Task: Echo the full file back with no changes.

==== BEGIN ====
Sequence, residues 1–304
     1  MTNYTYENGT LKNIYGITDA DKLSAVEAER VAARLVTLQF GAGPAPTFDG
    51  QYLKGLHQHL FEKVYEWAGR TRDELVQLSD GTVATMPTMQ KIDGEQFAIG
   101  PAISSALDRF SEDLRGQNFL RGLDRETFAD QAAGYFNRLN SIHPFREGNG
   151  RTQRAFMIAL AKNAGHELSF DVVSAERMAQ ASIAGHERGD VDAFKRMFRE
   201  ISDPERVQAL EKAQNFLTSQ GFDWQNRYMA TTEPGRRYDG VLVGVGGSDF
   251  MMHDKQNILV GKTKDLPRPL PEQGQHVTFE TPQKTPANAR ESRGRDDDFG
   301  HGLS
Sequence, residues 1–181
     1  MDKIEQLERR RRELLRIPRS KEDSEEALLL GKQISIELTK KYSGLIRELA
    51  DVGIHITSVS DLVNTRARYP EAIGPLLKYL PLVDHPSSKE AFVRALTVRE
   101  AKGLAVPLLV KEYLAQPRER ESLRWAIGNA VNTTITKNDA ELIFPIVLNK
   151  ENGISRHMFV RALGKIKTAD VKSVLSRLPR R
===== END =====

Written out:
Sequence, residues 1–304
     1  MTNYTYENGT LKNIYGITDA DKLSAVEAER VAARLVTLQF GAGPAPTFDG
    51  QYLKGLHQHL FEKVYEWAGR TRDELVQLSD GTVATMPTMQ KIDGEQFAIG
   101  PAISSALDRF SEDLRGQNFL RGLDRETFAD QAAGYFNRLN SIHPFREGNG
   151  RTQRAFMIAL AKNAGHELSF DVVSAERMAQ ASIAGHERGD VDAFKRMFRE
   201  ISDPERVQAL EKAQNFLTSQ GFDWQNRYMA TTEPGRRYDG VLVGVGGSDF
   251  MMHDKQNILV GKTKDLPRPL PEQGQHVTFE TPQKTPANAR ESRGRDDDFG
   301  HGLS
Sequence, residues 1–181
     1  MDKIEQLERR RRELLRIPRS KEDSEEALLL GKQISIELTK KYSGLIRELA
    51  DVGIHITSVS DLVNTRARYP EAIGPLLKYL PLVDHPSSKE AFVRALTVRE
   101  AKGLAVPLLV KEYLAQPRER ESLRWAIGNA VNTTITKNDA ELIFPIVLNK
   151  ENGISRHMFV RALGKIKTAD VKSVLSRLPR R